No doubt, this is the ideal -- to communicate with every individual member of our audiences in the way that individual prefers is the "Holy Grail" for non-profit marketers. But with all due respect, Lynn -- only small non-profits with staffs that are sized appropriately to support a manageable number of prospects and donors can realistically pull this off programatically. Large orgs with audiences numbering in the tens and hundreds of thousands and up will always endeavor to be as donor-centric as possible, but they will always need to weigh what they would like to do with what they have to do to hit their goals. There's a difference between prospecting and stewarding, and it follows that there would be different approaches that are suited to each type of effort.

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    1. I appreciate the debates- It already happens at organizations large and small, through technology like Cerkl. I don't think Giving Tuesday and the Ice Bucket challenge are similar at all. What I'm saying is that people have to care and have to make an effort to make a difference. We have to change our behavior in order to retain donors. If we focused on retention, it would help level the playing field, not just monetary goals.

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    2. Agree...retention is key.

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    3. Retention is the other side of the acquisition coin.

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  3. Thanks Lynn, your posts are always enlightening and stirs my thinking pot as the founder of a Midwest nonprofit. I stress out when I see you post something we have tried or something I was thinking about doing...with a negative response. But I count this as great opportunities to step back, rethink, and regroup before moving forward with our fund drives.

    Curious: are many nonprofits using Animoto ads (videos) like the one you shared in Kansas City at the Kauffman Foundation?

    It showed a blind man begging and a female stopped to re-word his sign. That was a deal breaker for me and has changed how I get the word out about what we do.

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    1. Video is a great interaction tool!!
      Here is the link to the video-
      https://www.youtube.com/watch?v=Hzgzim5m7oU

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  4. As always you've hit it right where it hurts. We need to reach out to this level of donor base more often to understand their giving preferences and not just major gift donors. Its all about retention and knowing this information goes along way. I appreciate your view on this and plan to discuss our options with staff as we move into the next round of appeals. I hope to see you in Denver next year. Have a great holiday.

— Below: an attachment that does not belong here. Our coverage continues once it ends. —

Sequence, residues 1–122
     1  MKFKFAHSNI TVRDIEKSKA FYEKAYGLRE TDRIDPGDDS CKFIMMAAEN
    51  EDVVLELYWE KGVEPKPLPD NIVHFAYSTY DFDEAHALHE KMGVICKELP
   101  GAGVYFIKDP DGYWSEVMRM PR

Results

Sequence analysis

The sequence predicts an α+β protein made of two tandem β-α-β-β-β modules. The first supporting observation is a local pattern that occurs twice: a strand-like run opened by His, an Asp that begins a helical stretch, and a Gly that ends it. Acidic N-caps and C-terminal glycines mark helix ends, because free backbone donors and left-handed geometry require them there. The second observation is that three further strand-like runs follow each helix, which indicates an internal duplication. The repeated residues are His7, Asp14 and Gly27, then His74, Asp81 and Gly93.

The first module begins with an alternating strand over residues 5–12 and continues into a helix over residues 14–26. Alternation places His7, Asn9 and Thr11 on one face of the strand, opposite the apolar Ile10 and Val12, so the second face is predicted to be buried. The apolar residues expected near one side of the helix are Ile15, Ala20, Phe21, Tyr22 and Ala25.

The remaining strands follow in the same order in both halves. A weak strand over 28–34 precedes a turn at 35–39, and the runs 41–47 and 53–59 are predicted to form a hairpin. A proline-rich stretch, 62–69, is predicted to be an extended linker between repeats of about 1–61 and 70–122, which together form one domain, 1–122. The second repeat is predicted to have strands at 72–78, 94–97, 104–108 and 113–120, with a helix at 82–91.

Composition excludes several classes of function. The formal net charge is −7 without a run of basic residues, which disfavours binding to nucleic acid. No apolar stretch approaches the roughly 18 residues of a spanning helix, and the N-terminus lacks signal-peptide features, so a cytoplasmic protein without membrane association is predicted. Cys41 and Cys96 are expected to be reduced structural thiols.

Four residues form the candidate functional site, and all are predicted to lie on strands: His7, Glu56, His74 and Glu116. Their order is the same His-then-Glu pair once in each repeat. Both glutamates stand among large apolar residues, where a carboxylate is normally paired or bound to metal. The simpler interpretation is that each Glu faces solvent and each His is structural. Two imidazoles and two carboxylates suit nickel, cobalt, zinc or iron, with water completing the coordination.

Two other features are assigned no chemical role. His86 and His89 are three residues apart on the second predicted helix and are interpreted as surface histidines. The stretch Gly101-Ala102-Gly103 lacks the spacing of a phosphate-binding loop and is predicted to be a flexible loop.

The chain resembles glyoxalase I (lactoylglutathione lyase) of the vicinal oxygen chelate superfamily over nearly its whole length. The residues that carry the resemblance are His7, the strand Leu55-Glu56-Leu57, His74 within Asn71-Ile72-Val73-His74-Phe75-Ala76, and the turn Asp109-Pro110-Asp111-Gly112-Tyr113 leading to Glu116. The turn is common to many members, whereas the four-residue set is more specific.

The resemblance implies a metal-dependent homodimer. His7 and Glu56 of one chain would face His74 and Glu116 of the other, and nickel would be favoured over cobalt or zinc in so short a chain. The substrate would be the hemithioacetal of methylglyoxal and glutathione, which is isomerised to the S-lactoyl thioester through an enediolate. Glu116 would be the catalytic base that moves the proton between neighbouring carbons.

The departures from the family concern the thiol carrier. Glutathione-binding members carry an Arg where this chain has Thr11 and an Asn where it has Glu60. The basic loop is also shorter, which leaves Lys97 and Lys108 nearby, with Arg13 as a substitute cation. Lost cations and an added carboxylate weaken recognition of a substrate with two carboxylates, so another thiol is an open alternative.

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    1. Thanks Marc! You have a wonderful holiday as well- No growth without a little discomfort!

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  5. Hi Lynn,
    I re-entered higher education fundraising in late summer (yeah!) and I completely overhauled the year-end annual fund appeal away from the standard letter. While I couldn't incorporate all items you stated, I did include information on the impact the donors made over the last year. I actually had a donor call and say 'thanks'. They always gave but weren't sure how it was used aside from the one student that would be highlighted previously (the information was provided in prior years but it was very text heavy letter and the donor didn't take the time to read every word). The donor said planned to increase their gift! I hope to have more similar donors to turn around the slide that was happening.

    Now, to overhaul my communication impact strategy and allow for donors to select their communication preferences!
    - Stacy

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    1. Isn't that wonderful! I'm so happy for your experience and your braveness to change! Kudos!

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  6. This year, for the first time, we sent our LYBUNTS that gave online a customized email appeal with a video and and a link to give...we also shared that we were doing this because we noticed they made their gift online last year...and we let them know that if we didn't hear from them we would still send them something in the mail. A few made their gifts online based on the email but many didn't and they got a letter. It will be interesting to tally it all up in January - easy to do and some likely appreciated it.

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    1. This is great thinking- I will be interested to see the results!

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  7. Hi Lynne,
    Great blog post! I just subscribed to the blog and registered for a yearly subscription to your webinars. My question is about frequency. We mailed our fall appeal letter out late this year (mid Nov)and then we mailed the Holiday appeal out on December 15th. Do you recommend spacing the two mailings out more or just sending one end of year appeal to donors? We currently have 1300 donors on the list. Thank you, Laura.